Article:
That was when I didn't understand what fluency was all about.
I have grown.
I have learned.
Since I started my new job one of the things the teacher's requested I work on is fluency.
I now teach fluency in a way that I think is meaningful and effective.
So now, I talk about fluency E.V.E.R.Y. D.A.Y. with my kids. We talk about the APE that makes up fluency practice. After 6 weeks they finally know what they are practicing and why.
They can tell me that they practice their Accuracy, reading the words correctly by not skipping or changing the words the author wrote.
They can tell me that when they practice their Pacing they don't read too fast or too slow and that they should pause when they see periods and commas.
They can even demonstrate their Expression by paying attention to quotation, question and exclamation marks.
One of my groups even thought we should add an L to our APE and make it APE-L (apple) instead of APE. They wanted to make the L, Listening. I couldn't have agreed more and was so proud of them! Listening while practicing fluency is just as important as the APE because if you are just reading words and not listening to what you are reading, then you have done just that, read the words and not the "story".
Every day that my kids come to me they spend about 5 to 10 minutes practicing their fluency, sometimes alone and other times with partners.
I remind the kids E.V.E.R.Y.D.A.Y that they don't just come in and read their fluency page the same way, they need to practice it in different ways so when I test them I can hear, see and tell that they practiced their APE-L. I remind the kids all the time of the different ways they can practice. For example instead of practicing the whole story they might just practice the words that they stumble on or have trouble pronouncing. Another time they may just practice reading the page for pacing, paying close attention to the commas and periods. The next read they do may just be practicing those sentences that require expression, the ones with quotation marks, exclamation and question marks. On at least one of the reads they should check their understanding of the story, asking themselves comprehension questions such as: What is the story about? Who is the main character? Is there a problem and a solution? etc. This helps to keep the kids from being bored reading the same story so many times.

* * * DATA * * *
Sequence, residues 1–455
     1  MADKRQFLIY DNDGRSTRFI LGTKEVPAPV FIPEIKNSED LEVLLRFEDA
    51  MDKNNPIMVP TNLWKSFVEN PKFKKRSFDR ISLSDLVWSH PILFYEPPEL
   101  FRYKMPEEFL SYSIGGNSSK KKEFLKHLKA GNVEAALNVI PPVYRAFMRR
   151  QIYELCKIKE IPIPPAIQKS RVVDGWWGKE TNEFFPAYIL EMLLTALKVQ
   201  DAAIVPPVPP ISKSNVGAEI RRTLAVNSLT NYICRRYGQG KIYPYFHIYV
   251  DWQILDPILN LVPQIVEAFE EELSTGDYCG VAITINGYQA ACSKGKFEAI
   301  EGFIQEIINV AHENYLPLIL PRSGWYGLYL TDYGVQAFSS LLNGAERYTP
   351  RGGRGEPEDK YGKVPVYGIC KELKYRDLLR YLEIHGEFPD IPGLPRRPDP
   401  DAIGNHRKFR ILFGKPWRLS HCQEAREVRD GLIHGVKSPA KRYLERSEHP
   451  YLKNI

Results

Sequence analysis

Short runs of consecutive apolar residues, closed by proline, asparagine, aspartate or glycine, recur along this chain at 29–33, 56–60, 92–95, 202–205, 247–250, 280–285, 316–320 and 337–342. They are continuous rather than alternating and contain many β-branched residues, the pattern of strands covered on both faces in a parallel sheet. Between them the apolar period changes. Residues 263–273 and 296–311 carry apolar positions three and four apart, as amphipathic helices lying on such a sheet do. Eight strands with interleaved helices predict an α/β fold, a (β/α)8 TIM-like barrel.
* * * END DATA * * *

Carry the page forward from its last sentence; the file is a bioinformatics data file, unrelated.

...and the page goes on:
About once a week I will do a timed read so they can see how many words they read per minute. They also need to make sure they are not reading for just speed, but for APE-L as well. After at least 2 timed reads they can put their clip up letting me know they are ready for me to test them.
I only test one or two students per day, because again we only do fluency for 5 to 10 minutes (I only have each group for 40 minutes or less). The students read to me for one minute. After that time I score them for each of the APE-L giving them a 1-4 depending on how they did (1 being they need lots of practice, 4 for doing an awesome job).
As we talk about their scores, I show them their accuracy (the marks I put on their page while they read) and we talk about the ways they can practice their pacing and expression. Once that is done I hand them a page with 4-5 questions and keep their fluency page. They need to go back to their seat and answer these questions without looking back into the story (I know, I know, this is so against Common Core). The purpose of this is to see if they are practicing the L. Did they actually listen to what they read or were they just reading the words. These questions are just simple questions that I made to go with each page. After correcting this page I give them their L score (1-4) and then we go over the questions with the story.
So this about sums up my process.
I love it.
It is quick and easy, and so far pretty effective.
Do you do something different when you teach fluency? I would love to hear it.